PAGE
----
Abstract: In the scope of initial discussions about a standard OMG IDL-to-VHDL language mapping, we present some requirements and propose a configurable mapping. We demonstrate the advantages of a common component-oriented approach to specify HW and SW interfaces compared to previous object-oriented approaches. Our proposition is based on a family of hardware interfaces enabling to represent various interaction semantics and mapping configurations. Our approach is illustrated through the CORBA component model (CCM).

7. Gruttner, K.; Oppenheimer, F. & Nebel, W. OSSS methodology - system-level design and synthesis of embedded HW/SW systems in C++, Applied Sciences on Biomedical and Communication Technologies, 2008. ISABEL '08.

Abstract: The OSSS methodology defines a seamless design flow for embedded HW/SW systems. It enables the effective use of high-level SystemCTM and C++ features like classes (object-oriented design paradigm), templates and method based communication for the description of SW and HW. Furthermore, it supports the OSCI SystemC Synthesis Subset for low-level HW description and HW IP integration. With Fossy we provide a tool for the automatic transformation of a system description in OSSS to an implementation. In this paper we present a top-down design flow using the OSSS methodology for the implementation of an adaptive video filter. The last step of the proposed design flow has been performed automatically by Fossy. We have targeted a Xilinx FPGA to proof the usability of a physical implementation for future SoC designs.

*8. Andrews, D.; Sass, R.; Anderson, E.; Agron, J.; Peck, W.; Stevens, J.; Baijot, F. & Komp, E. Achieving Programming Model Abstractions for Reconfigurable Computing, IEEE Transactions on Very Large Scale Integration Systems, 2008.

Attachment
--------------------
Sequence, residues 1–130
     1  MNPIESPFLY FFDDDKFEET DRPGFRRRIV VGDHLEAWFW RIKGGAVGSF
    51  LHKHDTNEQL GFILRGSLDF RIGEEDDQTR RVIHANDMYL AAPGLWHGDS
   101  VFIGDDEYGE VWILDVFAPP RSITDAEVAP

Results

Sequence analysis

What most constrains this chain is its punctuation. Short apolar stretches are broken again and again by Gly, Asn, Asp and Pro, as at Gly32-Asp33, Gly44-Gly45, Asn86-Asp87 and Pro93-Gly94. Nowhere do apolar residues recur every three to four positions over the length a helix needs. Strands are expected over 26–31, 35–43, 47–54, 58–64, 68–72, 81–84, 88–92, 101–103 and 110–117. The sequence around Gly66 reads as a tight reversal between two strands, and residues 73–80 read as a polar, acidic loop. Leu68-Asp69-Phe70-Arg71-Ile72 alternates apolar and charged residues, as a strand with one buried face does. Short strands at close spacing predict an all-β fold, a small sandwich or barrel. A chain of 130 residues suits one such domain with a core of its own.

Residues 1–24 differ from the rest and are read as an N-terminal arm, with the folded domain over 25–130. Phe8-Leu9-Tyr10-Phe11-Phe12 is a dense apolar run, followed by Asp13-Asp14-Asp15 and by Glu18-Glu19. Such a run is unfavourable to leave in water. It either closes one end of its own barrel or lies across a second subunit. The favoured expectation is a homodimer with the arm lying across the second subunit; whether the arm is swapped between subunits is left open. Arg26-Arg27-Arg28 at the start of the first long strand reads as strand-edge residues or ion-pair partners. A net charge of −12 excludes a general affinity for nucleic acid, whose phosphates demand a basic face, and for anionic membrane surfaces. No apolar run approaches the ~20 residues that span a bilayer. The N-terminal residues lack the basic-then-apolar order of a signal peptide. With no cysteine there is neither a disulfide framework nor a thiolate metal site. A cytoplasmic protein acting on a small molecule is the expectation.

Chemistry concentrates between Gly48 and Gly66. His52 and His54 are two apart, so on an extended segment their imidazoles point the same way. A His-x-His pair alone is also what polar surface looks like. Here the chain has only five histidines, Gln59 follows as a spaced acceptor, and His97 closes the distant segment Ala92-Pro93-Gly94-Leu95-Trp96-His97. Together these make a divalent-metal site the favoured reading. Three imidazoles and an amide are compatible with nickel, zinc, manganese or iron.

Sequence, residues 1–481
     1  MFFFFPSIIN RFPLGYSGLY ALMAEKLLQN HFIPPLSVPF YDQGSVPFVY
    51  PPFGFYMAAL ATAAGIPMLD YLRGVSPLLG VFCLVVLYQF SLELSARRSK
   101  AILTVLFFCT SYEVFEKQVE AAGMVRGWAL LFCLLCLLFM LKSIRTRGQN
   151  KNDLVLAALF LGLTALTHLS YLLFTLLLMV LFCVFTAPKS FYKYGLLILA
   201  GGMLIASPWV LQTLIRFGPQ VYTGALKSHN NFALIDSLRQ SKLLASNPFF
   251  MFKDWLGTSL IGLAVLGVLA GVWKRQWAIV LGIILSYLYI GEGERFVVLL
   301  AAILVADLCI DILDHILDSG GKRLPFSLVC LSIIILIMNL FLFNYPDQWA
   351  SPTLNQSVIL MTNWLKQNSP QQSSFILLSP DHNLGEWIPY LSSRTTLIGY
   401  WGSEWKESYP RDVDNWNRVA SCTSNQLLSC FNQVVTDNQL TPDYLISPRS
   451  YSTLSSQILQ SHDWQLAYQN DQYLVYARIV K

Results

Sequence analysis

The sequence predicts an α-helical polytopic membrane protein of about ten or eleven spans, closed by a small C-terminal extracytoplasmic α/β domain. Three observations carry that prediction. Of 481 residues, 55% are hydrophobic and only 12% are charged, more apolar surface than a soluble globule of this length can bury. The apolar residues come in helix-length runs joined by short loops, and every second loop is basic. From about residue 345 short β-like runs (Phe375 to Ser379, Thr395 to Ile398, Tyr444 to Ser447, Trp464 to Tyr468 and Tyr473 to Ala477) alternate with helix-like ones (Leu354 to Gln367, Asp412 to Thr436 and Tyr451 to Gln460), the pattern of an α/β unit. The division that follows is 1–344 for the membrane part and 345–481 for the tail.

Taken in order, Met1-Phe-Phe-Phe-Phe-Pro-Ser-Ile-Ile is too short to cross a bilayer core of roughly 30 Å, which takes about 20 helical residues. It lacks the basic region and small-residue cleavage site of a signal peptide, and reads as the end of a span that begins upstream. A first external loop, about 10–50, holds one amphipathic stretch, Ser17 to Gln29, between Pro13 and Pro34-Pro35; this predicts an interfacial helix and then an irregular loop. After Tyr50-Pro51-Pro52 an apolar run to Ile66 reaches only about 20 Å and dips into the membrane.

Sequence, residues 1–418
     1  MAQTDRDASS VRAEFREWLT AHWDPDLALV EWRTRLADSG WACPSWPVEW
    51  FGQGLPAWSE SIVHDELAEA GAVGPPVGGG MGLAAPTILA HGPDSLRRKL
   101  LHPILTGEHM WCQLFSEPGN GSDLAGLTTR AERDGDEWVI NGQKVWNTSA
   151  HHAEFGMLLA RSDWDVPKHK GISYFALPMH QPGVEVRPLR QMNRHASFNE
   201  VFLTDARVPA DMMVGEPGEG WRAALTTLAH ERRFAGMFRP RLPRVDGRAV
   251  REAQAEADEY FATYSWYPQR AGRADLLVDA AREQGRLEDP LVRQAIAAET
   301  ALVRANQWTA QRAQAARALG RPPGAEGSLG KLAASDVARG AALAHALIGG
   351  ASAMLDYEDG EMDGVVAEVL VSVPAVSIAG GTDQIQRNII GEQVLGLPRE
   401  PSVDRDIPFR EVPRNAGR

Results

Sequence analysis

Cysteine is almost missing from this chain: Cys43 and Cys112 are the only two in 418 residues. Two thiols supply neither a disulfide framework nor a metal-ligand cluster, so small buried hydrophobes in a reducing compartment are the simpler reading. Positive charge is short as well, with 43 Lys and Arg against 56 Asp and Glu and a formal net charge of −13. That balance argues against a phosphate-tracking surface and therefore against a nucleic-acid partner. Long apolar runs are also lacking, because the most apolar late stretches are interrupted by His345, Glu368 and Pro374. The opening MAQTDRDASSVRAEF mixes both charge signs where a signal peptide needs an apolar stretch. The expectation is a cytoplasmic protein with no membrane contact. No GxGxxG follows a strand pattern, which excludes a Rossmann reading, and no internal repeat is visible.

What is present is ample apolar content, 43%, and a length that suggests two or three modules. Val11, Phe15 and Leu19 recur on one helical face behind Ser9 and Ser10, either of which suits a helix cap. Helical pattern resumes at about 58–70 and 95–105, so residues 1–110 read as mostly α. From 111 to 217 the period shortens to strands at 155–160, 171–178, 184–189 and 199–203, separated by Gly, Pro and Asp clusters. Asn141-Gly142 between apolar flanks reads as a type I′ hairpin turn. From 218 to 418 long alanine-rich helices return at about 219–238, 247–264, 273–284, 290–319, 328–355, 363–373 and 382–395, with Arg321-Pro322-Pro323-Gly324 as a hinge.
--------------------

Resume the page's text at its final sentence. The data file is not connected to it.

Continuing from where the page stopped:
Abstract: This paper introduces hthreads, a unifying programming model for specifying application threads running within a hybrid computer processing unit (CPU)/field-programmable gate-array (FPGA) system. Presently accepted hybrid CPU/FPGA computational models-and access to these computational models via high level languages-focus on programming language extensions to increase accessibility and portability. However, this paper argues that new high-level programming models built on common software abstractions better address these goals. The hthreads system, in general, is unique within the reconfigurable computing community as it includes operating system and middleware layer abstractions that extend across the CPU/FPGA boundary. This enables all platform components to be abstracted into a unified multiprocessor architecture platform. Application programmers can then express their computations using threads specified from a single POSIX threads (pthreads) multithreaded application program and can then compile the threads to either run on the CPU or synthesize them to run within an FPGA. To enable this seamless framework, we have created the hardware thread interface (HWTI) component to provide an abstract, platform-independent compilation target for hardware-resident computations. The HWTI enables the use of standard thread communication and synchronization operations across the software/hardware boundary. Key operating system primitives have been mapped into hardware to provide threads running in both hardware and software uniform access to a set of sub-microsecond, minimal-jitter services. Migrating the operating system into hardware removes the potential bottleneck of routing all system service requests through a central CPU.